We are headed towards a world in which “offline” doesn’t exist.
In a blog post introducing Mozilla’s 2010 financial reports – Mozilla is the nonprofit behind the Firefox browser – Chair Mitchell Baker shared these words:
Internet life is changing. We are connecting through more devices. We are living in apps as well as browsers. We are interacting with friends and followers and acquaintances. We can experience the Web through a highly personal, highly customized lens.
The challenges ahead of us are very real. Mobile platforms are more closed and more centralized than we have seen in decades. As individuals, we are losing the ability to act on the Web without permission from large, centralized gatekeepers. We are all being tracked, logged, cataloged, monetized and turned into products to be sold. We’re seeing the universal platform of the Web fragmenting back into multiple different worlds.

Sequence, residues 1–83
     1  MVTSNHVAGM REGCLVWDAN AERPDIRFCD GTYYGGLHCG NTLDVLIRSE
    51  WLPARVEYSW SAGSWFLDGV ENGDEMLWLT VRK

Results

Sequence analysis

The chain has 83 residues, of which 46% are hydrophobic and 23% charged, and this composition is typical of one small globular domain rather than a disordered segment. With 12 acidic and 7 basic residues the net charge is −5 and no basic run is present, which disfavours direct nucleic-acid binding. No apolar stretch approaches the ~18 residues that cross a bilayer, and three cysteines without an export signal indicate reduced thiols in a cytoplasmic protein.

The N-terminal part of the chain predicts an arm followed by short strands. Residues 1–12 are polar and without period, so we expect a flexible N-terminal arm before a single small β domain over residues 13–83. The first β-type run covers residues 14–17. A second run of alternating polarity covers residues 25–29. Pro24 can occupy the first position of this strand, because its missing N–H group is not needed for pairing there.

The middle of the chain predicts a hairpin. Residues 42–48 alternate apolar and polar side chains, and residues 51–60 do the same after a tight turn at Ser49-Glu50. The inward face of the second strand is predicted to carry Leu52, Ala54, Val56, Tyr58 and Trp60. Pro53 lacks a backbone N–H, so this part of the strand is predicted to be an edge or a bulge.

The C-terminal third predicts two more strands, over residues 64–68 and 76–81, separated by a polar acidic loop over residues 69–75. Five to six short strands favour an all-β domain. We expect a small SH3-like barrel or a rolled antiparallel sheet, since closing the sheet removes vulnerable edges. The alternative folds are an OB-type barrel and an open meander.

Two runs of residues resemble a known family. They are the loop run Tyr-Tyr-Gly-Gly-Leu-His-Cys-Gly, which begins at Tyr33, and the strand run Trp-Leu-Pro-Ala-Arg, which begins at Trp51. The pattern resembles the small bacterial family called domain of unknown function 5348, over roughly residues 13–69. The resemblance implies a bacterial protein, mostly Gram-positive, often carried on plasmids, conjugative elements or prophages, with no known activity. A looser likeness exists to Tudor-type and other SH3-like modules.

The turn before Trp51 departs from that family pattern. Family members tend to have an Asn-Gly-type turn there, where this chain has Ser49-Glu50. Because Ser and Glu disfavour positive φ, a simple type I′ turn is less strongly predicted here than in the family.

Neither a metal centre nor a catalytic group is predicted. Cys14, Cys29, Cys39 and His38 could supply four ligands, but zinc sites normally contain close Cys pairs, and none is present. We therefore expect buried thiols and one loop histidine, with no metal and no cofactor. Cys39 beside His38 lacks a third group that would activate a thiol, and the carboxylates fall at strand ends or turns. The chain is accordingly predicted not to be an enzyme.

Her point, of course, is that Mozilla is open, making it an excellent alternative to so many closed platforms and interfaces.
I want to emphasize the “tracked, logged, catalogued…” part. Yes, this is happening. It will get far worse as the Physical Web rises, and the whole concept of “offline” disappears.
Let me say that again: soon, there will be no such thing as offline.
When you make decisions about which companies you support, how you manage your personal data, and what you reveal online, please bear in mind that we are headed towards a world in which offline doesn’t exist.